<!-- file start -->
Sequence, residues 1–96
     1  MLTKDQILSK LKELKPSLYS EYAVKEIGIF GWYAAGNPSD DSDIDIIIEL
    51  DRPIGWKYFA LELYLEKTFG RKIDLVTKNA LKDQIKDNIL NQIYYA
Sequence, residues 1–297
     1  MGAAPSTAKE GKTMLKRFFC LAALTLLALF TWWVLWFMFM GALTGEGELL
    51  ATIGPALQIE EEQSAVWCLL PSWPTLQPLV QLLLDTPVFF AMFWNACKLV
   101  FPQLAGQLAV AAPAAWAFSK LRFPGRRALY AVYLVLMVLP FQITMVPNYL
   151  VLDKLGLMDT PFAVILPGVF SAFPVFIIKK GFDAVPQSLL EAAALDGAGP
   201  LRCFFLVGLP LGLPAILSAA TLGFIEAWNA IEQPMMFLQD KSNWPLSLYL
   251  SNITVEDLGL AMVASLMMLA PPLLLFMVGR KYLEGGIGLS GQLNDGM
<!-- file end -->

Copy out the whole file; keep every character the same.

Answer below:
Sequence, residues 1–96
     1  MLTKDQILSK LKELKPSLYS EYAVKEIGIF GWYAAGNPSD DSDIDIIIEL
    51  DRPIGWKYFA LELYLEKTFG RKIDLVTKNA LKDQIKDNIL NQIYYA
Sequence, residues 1–297
     1  MGAAPSTAKE GKTMLKRFFC LAALTLLALF TWWVLWFMFM GALTGEGELL
    51  ATIGPALQIE EEQSAVWCLL PSWPTLQPLV QLLLDTPVFF AMFWNACKLV
   101  FPQLAGQLAV AAPAAWAFSK LRFPGRRALY AVYLVLMVLP FQITMVPNYL
   151  VLDKLGLMDT PFAVILPGVF SAFPVFIIKK GFDAVPQSLL EAAALDGAGP
   201  LRCFFLVGLP LGLPAILSAA TLGFIEAWNA IEQPMMFLQD KSNWPLSLYL
   251  SNITVEDLGL AMVASLMMLA PPLLLFMVGR KYLEGGIGLS GQLNDGM